Announcing our Spring 2020 season & celebrating 50 years of Northern Stage
Announcing our Spring 2020 season & celebrating 50 years of Northern Stage
Spring 2020 at Northern Stage
Celebrating 50 years of Northern Stage with bold new productions made in Newcastle, transfor- mational work with young people, support for North East theatre makers and new shows from some of the UK’s most exciting touring companies
Spring 2020 marks the start of Northern Stage’s 50th anniversary year; featuring ambitious new productions made in Newcastle including stage premieres of Shandyland – originally developed through The Old Vic 12 scheme, written by Bruntwood Prize winning playwright Gareth Farr; a new theatrical version of The Ballad of Johnny Longstaff by Teesside folk trio The Young’uns, directed by Northern Stage Artistic Director Lorne Campbell; HERE – a co-production with Northern Stage associate artists Curious Monkey written by Lindsay Rodden; Northern Stage’s Young Company presents the third part of their kaleidoscopic view of the state of our nation, asking Where Do We Go Now?; plus new shows from some of the UK’s most exciting and innovative touring companies including Frantic Assembly, Headlong and Told By An Idiot.
Directed by Lorne Campbell, Northern Stage and Harbourfront Centre Toronto present a musical celebration of northern working class activism, following the smash-hit success of
The Last Ship, with songs from the original album alongside new material and stunning animation.
Spanning twenty years, Shandyland (12-23 May) is a story of life, love, death and drink at the heart of a small, northern, family-run pub, and a shout of frustration from an abandoned working class community.
Opening the season, Teesside folk trio The Young’uns perform a new theatrical version of The Ballad of Johnny Longstaff (4-22 February). Director Lorne Campbell said, “The Young’uns have created something both traditional and utterly contemporary with The Ballad of Johnny Longstaff. This story of a young man from the north east forced to leave his home town to find work and undergoing a profound political awakening as he fights for social justice, opposes fascism, racism and the vested interests of a global capitalist system run amok, could as easily be set today as in the run up to the second world war. Johnny’s story reminds us emphatically that change always rises up from ordinary people. This is the perfect show to encapsulate Northern Stage as the first show of our 50th anniversary. Local in its context, global in its ambition, accessible in its form, innovative in its style. Just like the North East.” Writer Gareth Farr explains, “Shandyland deals with the divisions of a community and shines a light on what is happening within our often-overlooked working class towns. It is both a drama with charm and a comedy with punch. It has the heart of the working class running all the way through it. It celebrates a cast of lively, loveable and recognisable characters and asks what has happened over the past twenty years to make them feel so angry, unheard and forgotten. “I am so very proud of Shandyland. To have it produced by and premiered at Northern Stage and then performed at Liverpool Everyman, York Theatre Royal and Oldham Coliseum Theatre feels just totally perfect. I hope their audiences enjoy watching it as much as I enjoyed writing it.” A Northern Stage co-production with Liverpool Everyman & Playhouse, Oldham Coliseum Theatre and York Theatre Royal, in association with Echo Presents, Matthew Schmolle Productions and Greyscale. Originally developed by The Old Vic through The Old Vic 12 scheme which aims to nurture and develop the next generation of theatre practitioners. After its Newcastle premiere Shandyland will tour to Liverpool Everyman Theatre from 27 May – 6 June, Oldham from 9-20 June and York from 23 June – 4 July.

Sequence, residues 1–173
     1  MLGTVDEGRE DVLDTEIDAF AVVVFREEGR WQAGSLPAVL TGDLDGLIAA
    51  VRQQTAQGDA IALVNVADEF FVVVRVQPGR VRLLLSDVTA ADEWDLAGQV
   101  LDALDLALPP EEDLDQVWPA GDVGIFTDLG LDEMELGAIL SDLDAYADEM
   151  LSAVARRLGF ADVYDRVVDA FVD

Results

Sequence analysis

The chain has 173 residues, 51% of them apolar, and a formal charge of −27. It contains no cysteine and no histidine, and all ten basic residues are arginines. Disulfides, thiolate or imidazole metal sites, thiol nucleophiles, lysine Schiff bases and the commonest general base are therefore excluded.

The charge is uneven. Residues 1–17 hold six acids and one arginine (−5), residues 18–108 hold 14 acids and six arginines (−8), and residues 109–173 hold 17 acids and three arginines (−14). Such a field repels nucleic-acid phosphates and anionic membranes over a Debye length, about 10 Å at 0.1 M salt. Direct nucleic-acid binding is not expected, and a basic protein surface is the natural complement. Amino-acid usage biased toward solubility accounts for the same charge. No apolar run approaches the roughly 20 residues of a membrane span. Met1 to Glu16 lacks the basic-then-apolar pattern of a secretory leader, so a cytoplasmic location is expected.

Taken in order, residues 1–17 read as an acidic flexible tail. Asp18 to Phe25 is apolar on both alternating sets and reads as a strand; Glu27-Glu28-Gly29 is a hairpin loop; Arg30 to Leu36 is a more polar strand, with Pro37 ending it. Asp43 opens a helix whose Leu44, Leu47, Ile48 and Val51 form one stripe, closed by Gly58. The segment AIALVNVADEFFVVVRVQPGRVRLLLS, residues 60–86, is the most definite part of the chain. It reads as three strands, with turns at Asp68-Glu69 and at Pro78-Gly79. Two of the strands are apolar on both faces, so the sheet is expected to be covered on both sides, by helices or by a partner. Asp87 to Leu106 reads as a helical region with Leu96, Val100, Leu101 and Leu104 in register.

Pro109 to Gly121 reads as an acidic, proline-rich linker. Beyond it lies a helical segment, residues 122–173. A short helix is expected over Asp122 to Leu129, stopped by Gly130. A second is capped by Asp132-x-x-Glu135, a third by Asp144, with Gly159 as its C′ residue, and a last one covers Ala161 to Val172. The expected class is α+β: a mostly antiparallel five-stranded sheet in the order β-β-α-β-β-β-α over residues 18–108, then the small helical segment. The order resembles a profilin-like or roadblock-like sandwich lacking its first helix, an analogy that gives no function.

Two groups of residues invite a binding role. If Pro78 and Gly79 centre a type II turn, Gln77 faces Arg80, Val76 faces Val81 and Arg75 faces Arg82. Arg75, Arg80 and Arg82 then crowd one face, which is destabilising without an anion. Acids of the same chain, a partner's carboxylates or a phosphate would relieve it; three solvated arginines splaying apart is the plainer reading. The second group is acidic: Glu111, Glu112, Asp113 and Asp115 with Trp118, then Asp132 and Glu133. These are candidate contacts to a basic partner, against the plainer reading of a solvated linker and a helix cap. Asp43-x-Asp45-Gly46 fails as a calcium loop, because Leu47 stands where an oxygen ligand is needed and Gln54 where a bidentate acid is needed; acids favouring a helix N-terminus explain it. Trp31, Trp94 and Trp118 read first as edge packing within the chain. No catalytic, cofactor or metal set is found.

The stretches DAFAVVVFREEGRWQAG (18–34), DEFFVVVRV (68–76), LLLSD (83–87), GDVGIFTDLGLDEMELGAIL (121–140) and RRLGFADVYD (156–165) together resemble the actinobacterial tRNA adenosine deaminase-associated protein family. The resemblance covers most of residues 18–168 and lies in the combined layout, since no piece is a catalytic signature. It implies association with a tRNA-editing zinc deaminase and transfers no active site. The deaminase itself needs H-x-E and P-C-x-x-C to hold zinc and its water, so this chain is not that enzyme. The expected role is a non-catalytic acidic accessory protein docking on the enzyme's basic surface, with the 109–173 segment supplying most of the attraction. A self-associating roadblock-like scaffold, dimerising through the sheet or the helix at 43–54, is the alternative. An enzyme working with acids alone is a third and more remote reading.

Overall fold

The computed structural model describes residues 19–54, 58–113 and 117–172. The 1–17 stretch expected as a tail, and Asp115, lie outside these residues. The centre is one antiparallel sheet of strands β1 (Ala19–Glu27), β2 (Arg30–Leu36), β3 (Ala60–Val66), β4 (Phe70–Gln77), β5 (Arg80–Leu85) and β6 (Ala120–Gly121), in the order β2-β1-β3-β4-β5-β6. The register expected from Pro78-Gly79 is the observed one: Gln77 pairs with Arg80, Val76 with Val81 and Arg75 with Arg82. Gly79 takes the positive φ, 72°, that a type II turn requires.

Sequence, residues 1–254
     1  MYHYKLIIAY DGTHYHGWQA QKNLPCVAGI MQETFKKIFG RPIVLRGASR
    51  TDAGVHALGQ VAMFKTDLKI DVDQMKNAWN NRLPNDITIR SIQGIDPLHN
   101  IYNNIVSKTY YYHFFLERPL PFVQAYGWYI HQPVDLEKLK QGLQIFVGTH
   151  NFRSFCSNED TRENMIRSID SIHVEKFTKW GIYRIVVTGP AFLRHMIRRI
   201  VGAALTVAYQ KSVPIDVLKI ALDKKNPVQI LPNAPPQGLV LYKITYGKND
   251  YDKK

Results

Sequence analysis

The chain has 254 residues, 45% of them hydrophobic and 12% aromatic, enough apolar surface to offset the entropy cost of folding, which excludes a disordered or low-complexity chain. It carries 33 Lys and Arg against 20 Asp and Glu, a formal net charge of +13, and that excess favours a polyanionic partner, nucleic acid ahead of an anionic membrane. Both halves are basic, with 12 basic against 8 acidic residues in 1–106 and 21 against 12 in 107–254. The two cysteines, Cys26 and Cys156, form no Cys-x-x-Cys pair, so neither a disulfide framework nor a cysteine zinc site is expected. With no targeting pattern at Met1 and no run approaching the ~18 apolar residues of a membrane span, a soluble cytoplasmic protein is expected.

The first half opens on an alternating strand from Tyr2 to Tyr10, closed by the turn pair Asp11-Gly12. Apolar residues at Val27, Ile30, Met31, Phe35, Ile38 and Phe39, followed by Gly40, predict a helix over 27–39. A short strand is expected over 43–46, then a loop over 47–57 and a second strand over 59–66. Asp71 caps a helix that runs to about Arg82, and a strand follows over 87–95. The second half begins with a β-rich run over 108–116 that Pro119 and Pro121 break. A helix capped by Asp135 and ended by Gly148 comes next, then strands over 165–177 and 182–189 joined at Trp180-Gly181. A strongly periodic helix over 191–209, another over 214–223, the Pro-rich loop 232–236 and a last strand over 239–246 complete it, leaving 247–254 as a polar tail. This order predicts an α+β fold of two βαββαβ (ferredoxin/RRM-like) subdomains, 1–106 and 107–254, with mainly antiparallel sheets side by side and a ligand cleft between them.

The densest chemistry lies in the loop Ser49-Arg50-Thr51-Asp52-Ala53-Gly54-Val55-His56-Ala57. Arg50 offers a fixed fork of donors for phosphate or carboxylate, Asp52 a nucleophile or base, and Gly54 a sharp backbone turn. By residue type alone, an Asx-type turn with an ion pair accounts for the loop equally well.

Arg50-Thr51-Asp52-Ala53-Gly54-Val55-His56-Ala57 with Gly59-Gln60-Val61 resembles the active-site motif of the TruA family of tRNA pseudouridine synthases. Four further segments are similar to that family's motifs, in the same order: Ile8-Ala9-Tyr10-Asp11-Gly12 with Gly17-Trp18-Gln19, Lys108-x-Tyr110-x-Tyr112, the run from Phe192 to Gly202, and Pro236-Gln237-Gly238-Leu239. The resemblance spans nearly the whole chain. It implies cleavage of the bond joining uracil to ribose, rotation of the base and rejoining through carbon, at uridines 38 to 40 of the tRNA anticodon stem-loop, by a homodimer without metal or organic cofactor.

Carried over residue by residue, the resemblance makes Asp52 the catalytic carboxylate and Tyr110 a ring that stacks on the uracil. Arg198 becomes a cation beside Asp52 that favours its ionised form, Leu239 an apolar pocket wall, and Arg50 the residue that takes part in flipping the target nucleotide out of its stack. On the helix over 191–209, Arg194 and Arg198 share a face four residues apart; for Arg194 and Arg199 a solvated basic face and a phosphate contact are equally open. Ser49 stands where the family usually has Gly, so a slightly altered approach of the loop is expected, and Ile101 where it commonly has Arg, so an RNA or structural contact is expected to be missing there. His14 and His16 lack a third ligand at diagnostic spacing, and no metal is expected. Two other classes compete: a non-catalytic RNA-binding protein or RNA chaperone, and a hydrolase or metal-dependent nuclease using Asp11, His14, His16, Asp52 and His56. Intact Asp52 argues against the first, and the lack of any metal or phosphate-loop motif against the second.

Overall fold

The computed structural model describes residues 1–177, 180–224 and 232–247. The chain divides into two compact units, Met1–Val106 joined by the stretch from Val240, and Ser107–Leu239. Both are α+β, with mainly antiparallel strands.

A powerful new play by Lindsay Rodden, HERE (19-28 March) is about finding sanctuary in the unlikeliest of places. Curious Monkey Artistic Director Amy Golding explains, ““HERE is a new play starring professional refugee actors about four characters from Albania, Angola, Kurdistan/Syria and Glasgow who have ended up